My All-Time Cars Top 20:
20) “Panorama” (1980)  Title track off The Cars’ third album, which wasn’t quite as good as their first two.  This song’s really quirky, but I still like it anyway.
19) “Let’s Go” (1979)  Opening track and biggest hit from Candy-O, and a song all about some chick who doesn’t wear shoes, but really likes the nightlife, baby.
18) “Door To Door” (1987)  One of the faster Cars songs ever, complete with driving beat.  Get it?  Cars/driving!  Har-de-har-har...
17) “Dangerous Type” (1979)  Closing track on Candy-O, the lyrics of which I used to alter when singing, "She's a NUT like youthe dangerous type..."
16) "Moving In Stereo" (1978)  Song forever associated with the masturbation scene in Fast Times At Ridgemont High.  Not unlike Journey’s “City Of The Angels”, this was one of the most accidentally-played songs on the radio because the intro overlaps the previous album track, “Bye Bye Love”.
15) “Touch And Go” (1980)  The biggest hit off the somewhat disappointing Panorama album, the guitar on this song has an almost 1950’s tone to it.
14) “Strap Me In” (1987)  Opening track from the ill-fated Door To Door album.  Not sure why this one tanked—it’s not a bad song.
13) “Just What I Needed” (1978)  Very sad to hear this one being used on TV commercials now.
12) “Cruiser” (1981)  A favorite off Shake It Up featuring Elliot Easton and Greg Hawkes trading riffs with their respective instruments.
11) “You’re All I’ve Got Tonight” (1978)  I remember this being the lone song that really came off well at that Arrowhead gig, as Greg Hawkes’ synthesizer sound seemed to swirl all around the stadium during the choruses.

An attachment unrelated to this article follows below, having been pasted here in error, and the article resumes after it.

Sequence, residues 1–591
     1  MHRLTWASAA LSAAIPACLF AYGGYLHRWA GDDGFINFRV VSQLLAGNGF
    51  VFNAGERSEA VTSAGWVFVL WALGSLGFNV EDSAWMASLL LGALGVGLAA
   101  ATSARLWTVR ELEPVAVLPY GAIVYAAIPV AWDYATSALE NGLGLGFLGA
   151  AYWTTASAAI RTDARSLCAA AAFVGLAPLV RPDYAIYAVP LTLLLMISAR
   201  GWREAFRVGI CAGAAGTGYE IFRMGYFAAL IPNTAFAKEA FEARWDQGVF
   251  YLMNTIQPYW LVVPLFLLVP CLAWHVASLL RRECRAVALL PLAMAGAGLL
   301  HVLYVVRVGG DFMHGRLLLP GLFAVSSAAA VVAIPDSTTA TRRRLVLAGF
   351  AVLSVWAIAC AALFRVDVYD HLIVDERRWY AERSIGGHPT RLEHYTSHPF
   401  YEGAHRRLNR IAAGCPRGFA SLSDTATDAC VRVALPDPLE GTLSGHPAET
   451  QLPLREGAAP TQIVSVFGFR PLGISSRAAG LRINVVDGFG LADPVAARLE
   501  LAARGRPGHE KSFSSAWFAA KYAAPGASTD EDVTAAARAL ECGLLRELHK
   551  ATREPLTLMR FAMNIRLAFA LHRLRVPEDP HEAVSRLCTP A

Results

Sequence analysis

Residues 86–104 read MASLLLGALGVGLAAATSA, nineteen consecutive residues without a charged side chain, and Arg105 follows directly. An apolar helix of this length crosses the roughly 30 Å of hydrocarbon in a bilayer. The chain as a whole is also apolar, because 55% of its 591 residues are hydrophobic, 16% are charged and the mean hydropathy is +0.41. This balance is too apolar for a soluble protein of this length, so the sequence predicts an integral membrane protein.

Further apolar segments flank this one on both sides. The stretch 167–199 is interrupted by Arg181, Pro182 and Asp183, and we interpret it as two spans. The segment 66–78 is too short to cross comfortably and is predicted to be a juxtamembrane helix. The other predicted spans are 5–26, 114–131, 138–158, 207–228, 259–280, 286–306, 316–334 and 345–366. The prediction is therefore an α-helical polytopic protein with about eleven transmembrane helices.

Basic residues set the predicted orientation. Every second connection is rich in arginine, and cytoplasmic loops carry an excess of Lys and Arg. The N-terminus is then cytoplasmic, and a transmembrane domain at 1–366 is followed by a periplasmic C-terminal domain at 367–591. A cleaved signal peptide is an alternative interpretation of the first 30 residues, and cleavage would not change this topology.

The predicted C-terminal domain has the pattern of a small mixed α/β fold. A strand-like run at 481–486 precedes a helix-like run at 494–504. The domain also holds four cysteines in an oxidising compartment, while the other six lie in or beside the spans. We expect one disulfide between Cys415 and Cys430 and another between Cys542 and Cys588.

10) “Shake It Up” (1981)  Great hit single.  I always loved the Bernadette Peters clone in the video for this one too.
9) “Night Spots” (1979)  Hawkes shows off some more here, and the Close Encounters riff was a brilliant added touch.
8) “Gimme Some Slack” (1980)  I have no earthly idea what Ocasek means by lines like “I wanna shake like LaGuardia...”, but I’ve always loved this song anyway.  Ever notice how eerily similar the drum intro bit is to that of Devo’s “Whip It”?  They’re practically identical.
7) “Ta Ta Wayo Wayo” (1987)  More Ocasek goofiness in the lyrics, but this one was quite catchy.
6) “It’s All I Can Do” (1979)  One of Ben Orr’s finest vocal outings, and a great song about pining for someone you can’t havebeen there, done that.  It was a perfect fit for the soundtrack of Adam Sandler’s The Wedding Singer.
5) “Candy-O” (1979)  Another fine Ben Orr vocal outing.
4) “A Dream Away” (1981)  This song from Shake It Up has a very hypnotic quality about it that makes you just want to lay back and go on a little head trip, and you don’t even need any drugs...
3) “Got A Lot On My Head” (1979)  One of Ocasek’s better vocal performances and some nifty guitar work from Easton.
2) “Think It Over” (1981)  My favorite track among many faves from Shake It Up.  This one had “hit single” written all over it, and I never understood why they didn’t release it as such.
1) “Don’t Cha Stop” (1978)  Easily my favorite song off the first Cars album—this song is quintessential techno-pop at its finest.  Singer Albert Hammond, Jr. does a nice cover version of it too.